These days, it seems like everyone's obsessed with getting a blindingly white grill. But there's more to taking good care of your mouth than having a soap-star smile.
The condition of your teeth and gums is associated with a host of other health issues that involve your hormones and your heart, and your dental needs can change from decade to decade. Here's how to keep smiling strong at any age.
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Your 30s: Heed your hormones
If you're pregnant, you might not feel like dragging yourself to the dentist, but you should do it. Higher levels of estrogen and particularly progesterone can result in puffy, tender gums that are vulnerable to minor infection.
Flossing is especially important, experts say, because it helps cut the risk of periodontitis, a more serious gum infection that can endanger more than your teeth: some studies have linked untreated periodontal disease to preterm and low-birth-weight babies.
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Perfect your stroke
Many adults never learned how to brush and floss properly, says Irwin Smigel, DDS, president of the American Society for Dental Aesthetics. Use a soft brush that has rounded nylon bristles and make gentle circular motions at a 45-degree angle to your gum line.
If flossing hurts or makes your gums bleed, keep working at it. "The more you floss, the tougher your gums become," explains Paula Jones, DDS, immediate past president of the Academy of General Dentistry.
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Kick those butts
"Smokers get periodontal disease at two to three times the rate of nonsmokers,” says Sally Cram, DDS, a periodontist in Washington, D.C., and a consumer advisor for the American Dental Association.
Smokers also don't heal as well after getting treatment for these gum infections. Need help quitting? Go to Health.com/smoking for tips and motivation.
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Ditch the diet cola
Even sugar-free soda can destroy your pearly whites, thanks to the high acid content of most carbonated beverages. "Acid weakens enamel and makes it softer," Dr. Jones says. A fluoride rinse can help strengthen it.
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Your 40s: Book your appointment
No matter how busy you are, make time for the dentist because he can spot signs of serious illness that shouldn't be ignored. For example, gum disease can be a sign of uncontrolled diabetes.
Plus, oral cancer is more common after 40; your dentist will look for symptoms, such as unusual swelling or sores, as well as painless lesions.
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Get off the daily grind
Grinding or clenching your teeth (which can intensify if you're stressed) can cause excessive wear and even cracking and chipping. "A lot of tooth wear starts to show up in the late 30s and 40s," Dr. Jones says. “Your dentist can see if you're grinding, because areas of the tooth enamel will be worn smooth."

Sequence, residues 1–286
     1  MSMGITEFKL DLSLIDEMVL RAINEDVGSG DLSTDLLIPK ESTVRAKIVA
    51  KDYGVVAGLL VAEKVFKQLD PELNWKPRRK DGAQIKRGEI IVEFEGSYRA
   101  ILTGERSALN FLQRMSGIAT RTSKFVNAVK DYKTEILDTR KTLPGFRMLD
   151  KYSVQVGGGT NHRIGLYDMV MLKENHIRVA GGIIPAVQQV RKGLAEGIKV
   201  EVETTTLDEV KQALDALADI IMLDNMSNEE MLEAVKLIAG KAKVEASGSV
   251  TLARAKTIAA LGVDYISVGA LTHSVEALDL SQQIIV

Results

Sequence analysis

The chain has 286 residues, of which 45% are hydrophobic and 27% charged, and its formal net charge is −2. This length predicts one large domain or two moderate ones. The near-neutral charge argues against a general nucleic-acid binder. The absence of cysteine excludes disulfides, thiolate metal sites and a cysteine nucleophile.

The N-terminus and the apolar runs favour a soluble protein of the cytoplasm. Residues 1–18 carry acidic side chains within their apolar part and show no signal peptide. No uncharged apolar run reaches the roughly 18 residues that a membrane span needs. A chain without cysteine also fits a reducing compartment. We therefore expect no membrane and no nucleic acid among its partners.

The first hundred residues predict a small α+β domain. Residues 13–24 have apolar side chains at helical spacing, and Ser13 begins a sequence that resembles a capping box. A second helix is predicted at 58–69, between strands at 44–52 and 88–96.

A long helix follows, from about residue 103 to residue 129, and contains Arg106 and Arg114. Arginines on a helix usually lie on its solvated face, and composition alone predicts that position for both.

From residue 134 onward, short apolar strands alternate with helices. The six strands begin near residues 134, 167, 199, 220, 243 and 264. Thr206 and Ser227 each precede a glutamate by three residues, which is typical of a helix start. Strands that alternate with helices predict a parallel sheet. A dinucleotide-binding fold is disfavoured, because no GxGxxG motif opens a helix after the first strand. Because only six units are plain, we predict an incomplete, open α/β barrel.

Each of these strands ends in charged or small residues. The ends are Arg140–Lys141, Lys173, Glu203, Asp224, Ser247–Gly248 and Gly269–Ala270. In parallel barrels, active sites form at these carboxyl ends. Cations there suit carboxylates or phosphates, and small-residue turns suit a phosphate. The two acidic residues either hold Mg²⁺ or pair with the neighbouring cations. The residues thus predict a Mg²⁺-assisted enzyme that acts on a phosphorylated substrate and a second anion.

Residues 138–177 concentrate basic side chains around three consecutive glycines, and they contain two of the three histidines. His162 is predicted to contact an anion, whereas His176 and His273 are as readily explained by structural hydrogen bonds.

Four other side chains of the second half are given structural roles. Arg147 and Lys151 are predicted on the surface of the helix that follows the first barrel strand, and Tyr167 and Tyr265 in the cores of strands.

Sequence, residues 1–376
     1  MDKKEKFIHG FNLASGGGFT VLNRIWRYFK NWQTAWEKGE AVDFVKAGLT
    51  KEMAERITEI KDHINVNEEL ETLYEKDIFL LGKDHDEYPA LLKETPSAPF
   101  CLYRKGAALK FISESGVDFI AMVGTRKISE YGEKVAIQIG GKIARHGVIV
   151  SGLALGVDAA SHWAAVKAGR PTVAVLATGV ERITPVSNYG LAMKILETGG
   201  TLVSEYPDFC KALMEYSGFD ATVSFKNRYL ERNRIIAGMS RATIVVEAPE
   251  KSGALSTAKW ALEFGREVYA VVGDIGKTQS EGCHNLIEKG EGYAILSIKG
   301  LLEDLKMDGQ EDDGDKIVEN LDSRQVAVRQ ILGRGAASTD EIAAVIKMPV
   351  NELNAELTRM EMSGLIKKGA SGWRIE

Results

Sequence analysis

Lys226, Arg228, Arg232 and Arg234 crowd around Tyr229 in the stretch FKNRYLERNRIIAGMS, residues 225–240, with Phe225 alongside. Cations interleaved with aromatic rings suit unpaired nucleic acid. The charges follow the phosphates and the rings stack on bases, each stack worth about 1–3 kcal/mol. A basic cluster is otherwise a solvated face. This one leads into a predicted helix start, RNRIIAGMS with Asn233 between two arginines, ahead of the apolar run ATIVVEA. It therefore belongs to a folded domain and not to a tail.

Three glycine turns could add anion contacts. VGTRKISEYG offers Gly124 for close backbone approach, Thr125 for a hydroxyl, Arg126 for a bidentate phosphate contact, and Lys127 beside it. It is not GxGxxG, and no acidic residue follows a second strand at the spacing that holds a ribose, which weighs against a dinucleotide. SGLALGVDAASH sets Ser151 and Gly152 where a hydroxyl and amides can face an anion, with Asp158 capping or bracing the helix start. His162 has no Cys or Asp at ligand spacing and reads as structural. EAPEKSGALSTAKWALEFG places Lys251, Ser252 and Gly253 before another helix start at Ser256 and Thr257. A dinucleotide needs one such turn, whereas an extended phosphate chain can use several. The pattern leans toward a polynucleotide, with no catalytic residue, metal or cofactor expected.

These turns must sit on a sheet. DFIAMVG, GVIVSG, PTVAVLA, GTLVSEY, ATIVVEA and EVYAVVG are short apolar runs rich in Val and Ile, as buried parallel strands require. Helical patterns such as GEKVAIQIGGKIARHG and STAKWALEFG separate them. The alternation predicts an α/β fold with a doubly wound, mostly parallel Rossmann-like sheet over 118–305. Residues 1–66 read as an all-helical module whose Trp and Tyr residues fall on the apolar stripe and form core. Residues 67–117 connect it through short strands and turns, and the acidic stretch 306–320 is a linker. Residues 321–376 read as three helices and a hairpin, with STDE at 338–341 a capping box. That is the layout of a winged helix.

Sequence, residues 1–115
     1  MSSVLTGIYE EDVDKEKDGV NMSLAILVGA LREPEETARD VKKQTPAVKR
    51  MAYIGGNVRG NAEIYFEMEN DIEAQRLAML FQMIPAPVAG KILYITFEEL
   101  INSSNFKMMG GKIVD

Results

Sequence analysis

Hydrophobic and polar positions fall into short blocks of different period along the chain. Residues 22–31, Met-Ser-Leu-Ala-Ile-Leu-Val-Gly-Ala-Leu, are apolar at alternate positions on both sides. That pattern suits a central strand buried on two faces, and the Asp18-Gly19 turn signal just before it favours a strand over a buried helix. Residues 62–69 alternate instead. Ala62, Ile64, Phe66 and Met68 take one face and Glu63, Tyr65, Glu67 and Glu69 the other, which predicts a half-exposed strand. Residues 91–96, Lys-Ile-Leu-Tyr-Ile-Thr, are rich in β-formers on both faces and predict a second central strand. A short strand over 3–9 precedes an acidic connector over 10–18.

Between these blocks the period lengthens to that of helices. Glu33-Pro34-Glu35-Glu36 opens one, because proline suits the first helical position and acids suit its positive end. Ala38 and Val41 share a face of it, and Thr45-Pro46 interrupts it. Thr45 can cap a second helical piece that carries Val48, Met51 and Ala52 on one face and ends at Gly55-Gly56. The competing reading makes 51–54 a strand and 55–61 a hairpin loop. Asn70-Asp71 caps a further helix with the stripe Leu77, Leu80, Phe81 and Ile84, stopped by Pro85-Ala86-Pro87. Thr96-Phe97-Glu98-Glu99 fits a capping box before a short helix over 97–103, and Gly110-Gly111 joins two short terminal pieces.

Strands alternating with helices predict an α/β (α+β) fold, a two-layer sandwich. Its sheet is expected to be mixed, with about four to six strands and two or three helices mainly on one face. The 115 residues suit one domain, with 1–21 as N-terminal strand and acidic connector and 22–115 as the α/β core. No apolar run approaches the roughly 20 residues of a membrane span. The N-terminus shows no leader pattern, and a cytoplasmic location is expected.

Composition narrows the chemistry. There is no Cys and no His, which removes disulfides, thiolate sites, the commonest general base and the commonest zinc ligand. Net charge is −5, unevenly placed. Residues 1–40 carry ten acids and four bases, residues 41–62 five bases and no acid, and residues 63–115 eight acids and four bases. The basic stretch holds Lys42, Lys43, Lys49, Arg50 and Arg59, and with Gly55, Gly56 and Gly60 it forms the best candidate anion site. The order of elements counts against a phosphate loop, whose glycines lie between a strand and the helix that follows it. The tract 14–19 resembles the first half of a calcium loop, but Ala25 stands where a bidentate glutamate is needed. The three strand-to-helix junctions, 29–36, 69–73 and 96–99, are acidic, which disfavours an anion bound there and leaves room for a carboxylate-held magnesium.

If your teeth show these signs, your dentist can give you a mouth guard. Stress-management techniques can also help you keep from clenching.
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Consider a renovation
Dental work you had done in your teens may need to be replaced. "If you've had lots of fillings or crowns, get them checked, because they do wear out," Dr. Cram says. A cracked or chipped filling can create a space for bacteria to collect, causing decay.
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Beware of overbleaching
"Once you achieve the shade you want, you can touch up once or twice a year," Dr. Jones says. "Any more than that can be damaging." While evidence that bleaching erodes enamel is inconclusive, it may increase sensitivity. And, the truth is, there's a limit to how much whitening you can achieve as you get older.
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Your 50s+: Bone up
Bone loss is one of the main reasons people lose teeth, Dr. Smigel says. A healthy diet with enough calcium and vitamin D can help you maintain strong bones. And if you have a family history of osteoporosis or periodontal disease, dental checkups are a must.
"Dental X-rays can show the progression of osteoporosis," Dr. Jones says. If you do lose a tooth, try to get an implant, Dr. Smigel advises. "It stabilizes the jaw so the bone doesn't shrink and make your face look older."
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Wet your whistle
Many medications (including antidepressants and heart or pain meds) can dry out your mouth, which ups the risk of tooth decay. If you have dry mouth, Dr. Jones recommends using a fluoride rinse at night, which can help protect the enamel. Drinking lots of water or chewing sugarless gum can also help.
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Studies show that people with periodontal disease may have higher risks of heart attack and stroke, possibly because the infection increases inflammation throughout the body.
"I can't say that you're going to have a heart attack if you don't take care of your teeth," Dr. Cram says. "But if you have a family history of heart disease or other heart disease risk factors, it's a good idea to pay extra attention to your oral health."